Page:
CAI Transportation Blog

14 Feb, 2018

Solving the last mile: delivery solutions for retailers


The final delivery of an item to a home or place of business is the only interaction most customers have with the supply chain. Except for that brief interaction with the person who hands them their packages, they’re often unaware of the complexities involved in producing or transporting the items they hold in their hands.

But as any supply chain manager in the retail sector can attest, this final step in the delivery of goods is no simple feat. In fact, it is often the most fraught with complication, cost, and frustration. Of all the complex moving parts of the whole operation, the last few hours on a truck can cause more headache than the rest of the process combined. There are several reasons for this.

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07 Feb, 2018

The driver shortage: What's causing it and how to overcome it

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18 Jan, 2018

Capacity solutions for a greener supply chain


The logistics industry has seen several decades of rapid growth, as companies have found innovative and efficient ways to bring goods to every corner of the globe. While that means access to more products for consumers, job creation, healthy economic growth, and closer international trade relationships, it also comes with one unfortunate side effect: increased carbon emissions.

As climate science reveals more about the effects of human behavior on the environment, many companies and industries have started to examine (and take steps to reduce) their carbon footprints. This is not just beneficial for the sustainability the planet, but it’s also good business; many consumer groups and individuals prefer to support companies with a stated focus on improving their environmental metrics. However, sustainability initiatives often (and understandably) get placed on the back burner. In past years, January has typically been a slow month for businesses giving supply chain managers more time to evaluate their processes and set carbon emissions goals for the upcoming year. For companies trying to maintain a smooth a supply chain without exceeding budgets, reducing environmental impact may become less of a priority.

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03 Jan, 2018

What rising transportation costs will mean for logistics in 2018


In 2017, we highlighted some of the major themes we believed would color the year for logistics. We included implementing Internet of Things (IoT) technology across more fleets and supply chains, increased infrastructure spending, and tightening capacity resulting from factors like government regulations. Now, as we enter a new year, we’re asking again: what can we expect in 2018, and how will it affect our businesses? While we could talk about logistics trends like omnichannel and last mile delivery, we want to address the bigger challenge to the chain: rising transportation costs. Let’s look into what’s happening in the world of logistics and how companies can take a proactive approach to change in the industry.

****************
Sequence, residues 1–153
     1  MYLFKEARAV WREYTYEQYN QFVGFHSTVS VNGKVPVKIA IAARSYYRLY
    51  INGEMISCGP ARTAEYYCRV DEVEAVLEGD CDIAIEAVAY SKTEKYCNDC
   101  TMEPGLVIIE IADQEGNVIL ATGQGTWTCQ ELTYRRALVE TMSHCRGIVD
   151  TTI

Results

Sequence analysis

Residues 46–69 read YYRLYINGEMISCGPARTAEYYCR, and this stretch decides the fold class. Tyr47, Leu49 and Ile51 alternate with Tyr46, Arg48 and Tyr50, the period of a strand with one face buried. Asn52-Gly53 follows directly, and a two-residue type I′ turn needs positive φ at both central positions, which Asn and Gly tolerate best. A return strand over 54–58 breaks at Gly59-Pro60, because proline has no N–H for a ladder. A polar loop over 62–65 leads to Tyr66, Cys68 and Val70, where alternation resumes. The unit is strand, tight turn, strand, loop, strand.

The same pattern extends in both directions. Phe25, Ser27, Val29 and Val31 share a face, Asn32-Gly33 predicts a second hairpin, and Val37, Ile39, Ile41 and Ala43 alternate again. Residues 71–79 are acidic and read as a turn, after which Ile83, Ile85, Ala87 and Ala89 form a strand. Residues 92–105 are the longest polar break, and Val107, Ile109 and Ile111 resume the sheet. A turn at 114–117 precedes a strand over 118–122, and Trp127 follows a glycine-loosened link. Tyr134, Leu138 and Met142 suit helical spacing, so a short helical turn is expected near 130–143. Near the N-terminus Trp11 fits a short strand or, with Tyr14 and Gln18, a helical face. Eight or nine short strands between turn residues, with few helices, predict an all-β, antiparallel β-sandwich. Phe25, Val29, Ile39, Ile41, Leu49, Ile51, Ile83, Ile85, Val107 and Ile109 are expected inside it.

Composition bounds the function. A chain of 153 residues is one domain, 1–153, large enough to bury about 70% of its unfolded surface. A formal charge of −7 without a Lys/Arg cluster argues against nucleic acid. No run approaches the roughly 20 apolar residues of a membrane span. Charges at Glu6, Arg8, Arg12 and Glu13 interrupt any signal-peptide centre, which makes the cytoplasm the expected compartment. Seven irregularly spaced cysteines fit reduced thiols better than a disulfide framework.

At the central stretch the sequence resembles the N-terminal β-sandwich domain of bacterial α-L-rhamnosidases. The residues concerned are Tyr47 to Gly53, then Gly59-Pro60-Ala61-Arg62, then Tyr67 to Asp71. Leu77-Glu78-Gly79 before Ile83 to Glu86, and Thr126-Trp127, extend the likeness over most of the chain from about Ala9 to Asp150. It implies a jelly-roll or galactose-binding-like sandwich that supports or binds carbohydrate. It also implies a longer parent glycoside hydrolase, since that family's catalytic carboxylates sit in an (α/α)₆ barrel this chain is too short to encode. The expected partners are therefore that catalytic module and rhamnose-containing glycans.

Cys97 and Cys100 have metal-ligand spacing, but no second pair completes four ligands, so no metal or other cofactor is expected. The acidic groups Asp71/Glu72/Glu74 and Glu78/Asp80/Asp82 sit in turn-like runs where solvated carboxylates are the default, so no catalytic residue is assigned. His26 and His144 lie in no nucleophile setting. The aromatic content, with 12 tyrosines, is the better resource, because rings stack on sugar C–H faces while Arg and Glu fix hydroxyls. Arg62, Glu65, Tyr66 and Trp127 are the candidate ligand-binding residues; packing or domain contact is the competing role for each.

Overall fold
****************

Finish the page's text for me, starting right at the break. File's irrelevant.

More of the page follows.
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18 Dec, 2017

ELD Noncompliance: What's really at stake?


In December 2015, the FMCSA formally introduced their mandate that commercial vehicles be outfitted with electronic logging devices (ELDs), which track several important data points, including drivers’ hours of service. The mandate provided an additional two years from the announcement for fleets to prepare, setting the official implementation date for December 18, 2017.

Supporters believe the rule will increase safety in the industry by helping reduce the number of fatigued truck drivers on the road. They also believe that the uniform use of ELDs should give fleet owners the ability to see real-time data, reduce inefficiencies, and increase profits.

But to detractors, it represents a potential hit to productivity. In addition to the cost of the devices (anywhere from $200 to $800 per unit), there’s the cost of installation, maintenance, and ongoing access to the data. Also, most experienced drivers are accustomed to using paper logbooks. The time and effort involved in training them to use a new system— and ensuring they continue to use it— is not insignificant.  

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07 Dec, 2017

Preparing for the ELD mandate: How to reduce cost and increase efficiency